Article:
Does parking supply influence transport planning?


Sareco, a Paris-based firm, recently published a paper
that explores car parking management and transport policies, and their
influence on greenhouse gas emissions. Notably, the paper claims that most
urban trips (both for commuting and pleasure) are influenced by the parking
conditions at their origin and destination.

Further, a research paper by UK-based academic Adrian
Taylor explored the interrelationship between parking management and travel
planning, with three key criteria for integrating the two policies:

  • Parking management provides the impetus for a shift
    to sustainable modes. Without changes to current parking conditions, existing
    car drivers have limited incentives for modal shift and are likely to continue
    their existing travel behaviour;
  • For effective and fair parking management, sustainable
    travel alternatives need to be in place for individuals removed of their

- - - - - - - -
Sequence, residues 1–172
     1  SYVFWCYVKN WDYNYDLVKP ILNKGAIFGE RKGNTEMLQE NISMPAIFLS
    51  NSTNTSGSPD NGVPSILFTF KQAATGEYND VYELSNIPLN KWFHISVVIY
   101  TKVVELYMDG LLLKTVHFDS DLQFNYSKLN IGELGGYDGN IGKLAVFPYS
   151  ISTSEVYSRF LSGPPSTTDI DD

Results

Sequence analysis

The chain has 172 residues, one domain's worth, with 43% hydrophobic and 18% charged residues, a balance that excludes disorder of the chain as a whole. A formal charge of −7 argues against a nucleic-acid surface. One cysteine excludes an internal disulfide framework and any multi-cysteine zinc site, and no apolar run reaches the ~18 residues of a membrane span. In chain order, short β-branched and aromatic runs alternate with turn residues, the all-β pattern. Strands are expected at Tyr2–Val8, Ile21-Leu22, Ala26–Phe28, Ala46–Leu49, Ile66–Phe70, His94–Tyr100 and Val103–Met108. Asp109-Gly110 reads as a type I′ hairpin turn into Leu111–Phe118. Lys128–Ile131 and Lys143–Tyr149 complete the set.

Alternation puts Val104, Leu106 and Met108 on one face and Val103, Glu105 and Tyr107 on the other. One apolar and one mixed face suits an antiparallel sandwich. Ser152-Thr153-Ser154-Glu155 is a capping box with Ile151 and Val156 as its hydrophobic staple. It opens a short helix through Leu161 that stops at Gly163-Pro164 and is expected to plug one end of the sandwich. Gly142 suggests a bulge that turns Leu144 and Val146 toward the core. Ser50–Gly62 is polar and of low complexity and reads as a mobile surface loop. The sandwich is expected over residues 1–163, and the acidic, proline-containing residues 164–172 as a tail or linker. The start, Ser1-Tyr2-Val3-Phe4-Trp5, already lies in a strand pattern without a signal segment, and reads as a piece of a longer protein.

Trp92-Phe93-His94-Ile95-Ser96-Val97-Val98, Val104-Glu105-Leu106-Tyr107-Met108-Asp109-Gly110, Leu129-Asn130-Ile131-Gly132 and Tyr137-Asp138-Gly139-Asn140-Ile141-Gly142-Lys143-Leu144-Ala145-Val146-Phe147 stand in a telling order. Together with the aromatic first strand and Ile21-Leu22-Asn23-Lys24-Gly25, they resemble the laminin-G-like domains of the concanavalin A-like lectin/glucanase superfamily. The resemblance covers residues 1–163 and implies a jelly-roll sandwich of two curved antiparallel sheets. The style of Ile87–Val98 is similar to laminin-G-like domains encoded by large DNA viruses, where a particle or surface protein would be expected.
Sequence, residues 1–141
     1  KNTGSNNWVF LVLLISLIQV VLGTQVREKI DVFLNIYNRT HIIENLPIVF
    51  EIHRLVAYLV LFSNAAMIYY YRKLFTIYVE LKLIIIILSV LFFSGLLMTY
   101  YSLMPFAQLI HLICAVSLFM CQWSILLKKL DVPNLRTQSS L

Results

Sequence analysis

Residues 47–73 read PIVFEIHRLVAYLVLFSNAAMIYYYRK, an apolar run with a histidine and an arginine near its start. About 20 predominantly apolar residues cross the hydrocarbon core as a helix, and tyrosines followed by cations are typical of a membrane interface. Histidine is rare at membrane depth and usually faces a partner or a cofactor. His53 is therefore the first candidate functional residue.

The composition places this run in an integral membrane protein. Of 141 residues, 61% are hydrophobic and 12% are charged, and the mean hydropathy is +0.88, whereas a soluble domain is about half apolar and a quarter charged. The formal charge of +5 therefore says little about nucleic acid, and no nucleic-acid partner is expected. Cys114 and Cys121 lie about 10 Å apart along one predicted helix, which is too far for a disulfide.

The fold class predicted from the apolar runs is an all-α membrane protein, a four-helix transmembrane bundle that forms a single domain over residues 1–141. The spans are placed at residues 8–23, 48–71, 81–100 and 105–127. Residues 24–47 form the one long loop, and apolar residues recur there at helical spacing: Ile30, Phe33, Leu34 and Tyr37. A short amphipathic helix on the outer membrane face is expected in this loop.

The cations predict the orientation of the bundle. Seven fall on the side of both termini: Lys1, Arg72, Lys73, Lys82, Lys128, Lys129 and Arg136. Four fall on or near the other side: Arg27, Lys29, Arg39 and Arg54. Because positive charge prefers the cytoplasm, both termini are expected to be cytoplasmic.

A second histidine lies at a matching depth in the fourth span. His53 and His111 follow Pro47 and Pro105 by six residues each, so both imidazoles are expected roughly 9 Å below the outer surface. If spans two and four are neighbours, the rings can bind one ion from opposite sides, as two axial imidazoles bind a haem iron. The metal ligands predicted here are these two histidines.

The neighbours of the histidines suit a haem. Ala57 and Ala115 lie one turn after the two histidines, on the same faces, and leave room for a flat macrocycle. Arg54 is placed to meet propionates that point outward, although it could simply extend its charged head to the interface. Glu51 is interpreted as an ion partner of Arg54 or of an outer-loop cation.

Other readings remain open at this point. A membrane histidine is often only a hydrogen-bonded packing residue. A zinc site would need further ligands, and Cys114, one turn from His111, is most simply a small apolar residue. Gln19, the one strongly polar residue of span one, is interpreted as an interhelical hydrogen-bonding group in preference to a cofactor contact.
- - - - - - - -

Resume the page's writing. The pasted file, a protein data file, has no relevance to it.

parking entitlement. Travel planning can deliver a ‘package’ of options for
    alternative travel modes and guard against potential problems, including
    overspill into inappropriate residential areas and attitudinal problems such as
    employee resentment; and
  • The introduction of parking charges can raise
    revenue for hypothecation into sustainable transport measures. Parking
    management can therefore be a financing mechanism for travel plan delivery.

According to National Geographic, Copenhagen has been
actively reducing its parking supply over the last 40 years, cutting the total
number of parking spaces by a small percentage each year.
 
Further momentum is growing, in Copenhagen and other cities
around the world, behind efforts to bump out large parking lots and on street
parking in favour of services and infrastructure for pedestrians, cyclists, and
public transportation.

Easier said than done!

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